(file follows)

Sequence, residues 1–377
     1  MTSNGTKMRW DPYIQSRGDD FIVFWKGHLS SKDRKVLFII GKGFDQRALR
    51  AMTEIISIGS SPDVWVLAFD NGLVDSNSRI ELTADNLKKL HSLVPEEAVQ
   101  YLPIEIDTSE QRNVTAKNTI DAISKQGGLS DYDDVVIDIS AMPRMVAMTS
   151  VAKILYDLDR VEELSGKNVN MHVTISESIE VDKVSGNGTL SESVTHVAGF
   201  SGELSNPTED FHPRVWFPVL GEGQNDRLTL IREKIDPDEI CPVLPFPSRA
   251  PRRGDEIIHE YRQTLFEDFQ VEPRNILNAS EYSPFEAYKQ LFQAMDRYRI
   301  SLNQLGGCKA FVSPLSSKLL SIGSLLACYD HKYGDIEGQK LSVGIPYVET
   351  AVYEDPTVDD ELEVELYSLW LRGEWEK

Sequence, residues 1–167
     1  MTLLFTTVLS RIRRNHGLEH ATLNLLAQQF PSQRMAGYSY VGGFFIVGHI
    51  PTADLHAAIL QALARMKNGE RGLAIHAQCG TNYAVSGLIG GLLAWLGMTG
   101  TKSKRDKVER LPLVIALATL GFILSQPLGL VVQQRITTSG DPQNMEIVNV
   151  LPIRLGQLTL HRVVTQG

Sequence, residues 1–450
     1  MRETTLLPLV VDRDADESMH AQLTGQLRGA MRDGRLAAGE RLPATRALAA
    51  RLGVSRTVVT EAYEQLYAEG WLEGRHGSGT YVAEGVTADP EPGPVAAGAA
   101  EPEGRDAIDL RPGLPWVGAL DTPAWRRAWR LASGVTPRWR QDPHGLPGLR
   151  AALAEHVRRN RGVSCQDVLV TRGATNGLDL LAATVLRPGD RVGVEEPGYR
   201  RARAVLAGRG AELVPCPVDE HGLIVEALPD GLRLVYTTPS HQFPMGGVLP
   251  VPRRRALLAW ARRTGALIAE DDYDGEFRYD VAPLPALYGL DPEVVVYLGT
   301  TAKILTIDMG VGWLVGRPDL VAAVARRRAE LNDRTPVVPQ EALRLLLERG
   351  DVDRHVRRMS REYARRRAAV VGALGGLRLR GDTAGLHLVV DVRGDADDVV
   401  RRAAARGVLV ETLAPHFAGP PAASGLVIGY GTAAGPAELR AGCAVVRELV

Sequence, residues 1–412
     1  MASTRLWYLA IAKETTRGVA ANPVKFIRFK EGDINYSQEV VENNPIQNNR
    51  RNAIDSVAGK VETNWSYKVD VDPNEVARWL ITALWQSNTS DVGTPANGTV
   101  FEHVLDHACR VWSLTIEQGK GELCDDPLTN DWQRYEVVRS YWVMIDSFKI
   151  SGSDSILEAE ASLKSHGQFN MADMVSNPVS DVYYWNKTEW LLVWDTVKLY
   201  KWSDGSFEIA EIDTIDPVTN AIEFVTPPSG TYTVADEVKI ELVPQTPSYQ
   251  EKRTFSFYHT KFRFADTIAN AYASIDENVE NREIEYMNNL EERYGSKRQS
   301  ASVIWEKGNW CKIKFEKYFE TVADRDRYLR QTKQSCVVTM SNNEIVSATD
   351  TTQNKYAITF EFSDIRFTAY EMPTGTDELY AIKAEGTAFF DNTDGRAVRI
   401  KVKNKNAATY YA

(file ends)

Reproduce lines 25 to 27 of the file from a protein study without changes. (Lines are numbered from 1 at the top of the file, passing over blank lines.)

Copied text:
Sequence, residues 1–412
     1  MASTRLWYLA IAKETTRGVA ANPVKFIRFK EGDINYSQEV VENNPIQNNR
    51  RNAIDSVAGK VETNWSYKVD VDPNEVARWL ITALWQSNTS DVGTPANGTV